shanks' mare

Definition from Wiktionary, the free dictionary
Jump to: navigation, search

English[edit]

Etymology[edit]

The expression -- believed to be Scottish in origin -- derives from shanks' nag (shanks-naig 1774), referring to the use of shank to refer to the part of the human leg between the knee and ankle. One theory cites "shank's mare" derived from a horse-drawn lawn mower, manufactured by Shanks & Company Ltd. (founded 1853) which required that the human operator walk behind the device to guide the horse; however, references to the phrase in Scottish literature pre-date the existence of the Shanks lawn mower.

Alternative forms[edit]

  • shanks's mare, shank's mare, shanks mare

Noun[edit]

shanks' mare (plural shanks' mares)

  1. (US, idiomatic) One's own legs used for walking; to "travel by shanks' mare" or "ride on shanks' mare" is to walk to your destination.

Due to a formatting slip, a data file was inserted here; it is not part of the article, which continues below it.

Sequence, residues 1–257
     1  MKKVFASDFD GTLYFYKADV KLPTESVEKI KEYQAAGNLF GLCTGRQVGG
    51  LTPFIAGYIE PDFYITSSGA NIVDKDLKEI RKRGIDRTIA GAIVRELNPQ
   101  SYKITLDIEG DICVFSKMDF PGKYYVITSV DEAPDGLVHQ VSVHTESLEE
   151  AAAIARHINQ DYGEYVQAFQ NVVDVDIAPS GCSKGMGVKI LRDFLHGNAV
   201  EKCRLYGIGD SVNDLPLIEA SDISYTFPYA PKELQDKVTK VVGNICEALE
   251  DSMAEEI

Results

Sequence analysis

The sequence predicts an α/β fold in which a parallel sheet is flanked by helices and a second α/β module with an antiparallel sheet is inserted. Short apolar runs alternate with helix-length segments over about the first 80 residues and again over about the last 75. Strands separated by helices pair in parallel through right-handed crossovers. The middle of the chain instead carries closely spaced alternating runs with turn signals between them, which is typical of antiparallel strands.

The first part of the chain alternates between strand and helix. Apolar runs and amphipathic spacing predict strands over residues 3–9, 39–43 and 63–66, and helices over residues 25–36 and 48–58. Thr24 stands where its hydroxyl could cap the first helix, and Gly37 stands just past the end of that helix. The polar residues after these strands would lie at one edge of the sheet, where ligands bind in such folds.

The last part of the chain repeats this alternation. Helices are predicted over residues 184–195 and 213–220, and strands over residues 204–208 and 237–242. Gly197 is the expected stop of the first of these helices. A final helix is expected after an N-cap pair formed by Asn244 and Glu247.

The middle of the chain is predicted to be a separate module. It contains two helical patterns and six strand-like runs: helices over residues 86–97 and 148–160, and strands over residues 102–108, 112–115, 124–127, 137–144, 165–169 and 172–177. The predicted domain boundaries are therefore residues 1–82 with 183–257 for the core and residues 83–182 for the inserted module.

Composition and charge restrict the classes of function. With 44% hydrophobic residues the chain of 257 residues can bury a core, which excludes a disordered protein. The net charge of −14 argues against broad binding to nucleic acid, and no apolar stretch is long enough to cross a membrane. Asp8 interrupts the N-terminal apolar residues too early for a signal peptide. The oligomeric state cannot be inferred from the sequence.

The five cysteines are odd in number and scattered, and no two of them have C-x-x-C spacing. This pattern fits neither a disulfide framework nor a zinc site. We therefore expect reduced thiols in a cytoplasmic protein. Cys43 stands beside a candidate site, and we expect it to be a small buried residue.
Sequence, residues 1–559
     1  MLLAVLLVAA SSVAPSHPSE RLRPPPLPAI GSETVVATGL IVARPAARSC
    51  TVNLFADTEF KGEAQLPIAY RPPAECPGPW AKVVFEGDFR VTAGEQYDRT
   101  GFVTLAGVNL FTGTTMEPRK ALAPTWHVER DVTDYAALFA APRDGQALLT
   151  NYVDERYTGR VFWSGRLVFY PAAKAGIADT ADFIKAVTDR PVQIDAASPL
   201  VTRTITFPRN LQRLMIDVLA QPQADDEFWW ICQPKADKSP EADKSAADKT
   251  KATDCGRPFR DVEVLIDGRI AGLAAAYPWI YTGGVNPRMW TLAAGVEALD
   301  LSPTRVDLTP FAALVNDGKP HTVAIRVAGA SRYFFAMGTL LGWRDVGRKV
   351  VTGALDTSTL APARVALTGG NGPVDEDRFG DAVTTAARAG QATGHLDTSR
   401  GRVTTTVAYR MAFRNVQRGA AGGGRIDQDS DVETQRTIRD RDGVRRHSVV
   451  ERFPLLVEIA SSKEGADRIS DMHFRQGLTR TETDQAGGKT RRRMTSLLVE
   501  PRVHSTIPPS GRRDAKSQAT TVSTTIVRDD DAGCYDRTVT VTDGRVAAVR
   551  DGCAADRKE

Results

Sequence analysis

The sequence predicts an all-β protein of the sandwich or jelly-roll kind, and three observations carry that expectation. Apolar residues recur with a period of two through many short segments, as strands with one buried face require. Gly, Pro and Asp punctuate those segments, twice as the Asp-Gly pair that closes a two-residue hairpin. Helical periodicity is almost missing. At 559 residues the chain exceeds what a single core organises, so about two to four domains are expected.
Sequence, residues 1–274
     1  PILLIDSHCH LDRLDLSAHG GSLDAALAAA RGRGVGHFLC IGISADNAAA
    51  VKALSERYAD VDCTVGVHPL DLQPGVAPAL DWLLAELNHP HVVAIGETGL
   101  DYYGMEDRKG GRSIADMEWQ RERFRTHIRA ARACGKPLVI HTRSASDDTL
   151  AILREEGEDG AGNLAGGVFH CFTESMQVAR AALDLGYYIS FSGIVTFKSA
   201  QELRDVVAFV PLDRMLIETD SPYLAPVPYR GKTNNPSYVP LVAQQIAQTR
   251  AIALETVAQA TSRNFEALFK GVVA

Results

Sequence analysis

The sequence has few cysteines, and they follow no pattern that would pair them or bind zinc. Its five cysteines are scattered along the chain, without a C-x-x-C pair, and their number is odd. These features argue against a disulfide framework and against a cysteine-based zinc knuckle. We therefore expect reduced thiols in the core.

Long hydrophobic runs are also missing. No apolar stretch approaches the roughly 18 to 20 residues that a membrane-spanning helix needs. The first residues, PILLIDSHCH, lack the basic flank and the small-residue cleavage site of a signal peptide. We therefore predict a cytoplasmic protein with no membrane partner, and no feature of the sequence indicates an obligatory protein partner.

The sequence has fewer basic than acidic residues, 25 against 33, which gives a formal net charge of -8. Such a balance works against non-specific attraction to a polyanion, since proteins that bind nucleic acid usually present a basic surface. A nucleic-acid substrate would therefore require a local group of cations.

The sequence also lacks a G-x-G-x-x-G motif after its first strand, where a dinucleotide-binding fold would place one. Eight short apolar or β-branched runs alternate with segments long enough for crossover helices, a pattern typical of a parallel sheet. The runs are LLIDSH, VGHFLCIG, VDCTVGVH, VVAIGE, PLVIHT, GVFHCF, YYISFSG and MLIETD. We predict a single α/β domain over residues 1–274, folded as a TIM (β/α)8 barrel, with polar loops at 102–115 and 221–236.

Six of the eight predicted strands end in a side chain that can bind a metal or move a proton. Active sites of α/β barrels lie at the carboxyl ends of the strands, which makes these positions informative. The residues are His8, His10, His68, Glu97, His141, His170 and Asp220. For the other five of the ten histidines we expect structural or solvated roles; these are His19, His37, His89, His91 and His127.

• 1942. Transit Journal, McGraw Hill, page 173[1]:
      Once they take to Shanks' mare, they are all equal
    • 1869. Iowa newspaper, The Dubuque Daily Herald, May 1869:
      A public exhibition of the velocipede [a predecessor of the bicycle] ... will never come into general use in competition with Shank's mare.
    • 2003. John O'Flaherty, Rafferty, p. 77[2]:
      The last thing we'd want to be seen doing...is using shanks mare, even though the day is holding up well.

Related terms[edit]

Translations[edit]

References[edit]